To my knowledge he has never run a large organization or dealt directly with the complex backend of the healthcare system. The was healthcare is delivered and paid for is full of independent, semi monopolistic players that have often conflicting incentives. Oh and lets not forget that we have 50 states and 50 different sets of regulations.
Unless the plan is to create a brand new completely vertically integrated system, you’re gonna have to deal with the existing infrastructure, and I’d be much more confident in success if the person leading that effort had experience there. Having worked with many physicians and insurance companies, I can say from experience those skill sets are not the same.
Even if the idea is to be vertically integrated, someone like the CEO of the Mayo Clinic or Kaiser would have been a better choice.
I really agree with the top commenter and am totally flumoxed as to how Buffet et. al. can back this.
Not only is this going to require 'CEO abilities' - it's also kind of a 'mega corporate startup' - which is another thing very difficult to achieve.
Amazon is ruthlessly operational, by the numbers etc. - this will collide with medical bureaucracy pretty hard ... it's almost as though you want an outsider ...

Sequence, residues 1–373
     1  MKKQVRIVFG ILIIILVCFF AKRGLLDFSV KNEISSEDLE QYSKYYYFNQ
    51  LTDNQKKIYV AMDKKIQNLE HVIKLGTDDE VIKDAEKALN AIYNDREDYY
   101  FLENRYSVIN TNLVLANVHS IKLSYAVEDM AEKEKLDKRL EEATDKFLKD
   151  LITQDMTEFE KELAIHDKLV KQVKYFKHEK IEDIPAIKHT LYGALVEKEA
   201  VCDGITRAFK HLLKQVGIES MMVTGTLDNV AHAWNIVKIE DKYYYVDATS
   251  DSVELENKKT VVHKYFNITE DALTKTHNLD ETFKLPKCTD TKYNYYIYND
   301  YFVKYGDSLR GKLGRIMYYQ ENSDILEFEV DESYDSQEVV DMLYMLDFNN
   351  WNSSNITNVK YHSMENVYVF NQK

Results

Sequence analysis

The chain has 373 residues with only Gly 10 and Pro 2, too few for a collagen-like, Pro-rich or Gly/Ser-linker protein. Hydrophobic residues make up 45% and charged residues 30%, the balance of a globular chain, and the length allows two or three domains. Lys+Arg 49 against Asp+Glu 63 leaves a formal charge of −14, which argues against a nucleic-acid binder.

Or, to buy a small company or two and combine them, a small team with the 'right chops' and then back them with scale, financing etc..
If _all_ this company did was wrangle the complexity of the healthcare system, however, they wouldn't be a step function better than anything else.
For the deeper, more radical changes, you need a visionary at the helm.
Of course, Atul will need to be able to effectively recruit & work with a stellar team to fill the gaps you mention.
Let’s take the checklist manifesto, a fantastic idea that unfortunately isn’t as widely applied as it should be. Why? Because if you ask most surgeons they’ll say, “yeah it’s a great idea, I do it already/I don’t need to do it though because I’m that good”. In practice it doesn’t get applied because humans have ego and incentives get misaligned. It’s not actually that beneficial to reduce complications in surgery for the hospital as long as the patient is insured. And it’s not that beneficial for the insurance company to reduce costs because fundamentally as long as the insurance company can accurately predict how much costs will rise next year, they still make money. They just need to know how much premiums will go up.
Healthcare is full of great ideas and ways to make things better, but they often just don’t get implemented because the whole system is so poorly set up. I don’t see any evidence that Gawande for all his talents has a good approach or the expertise to break through all that.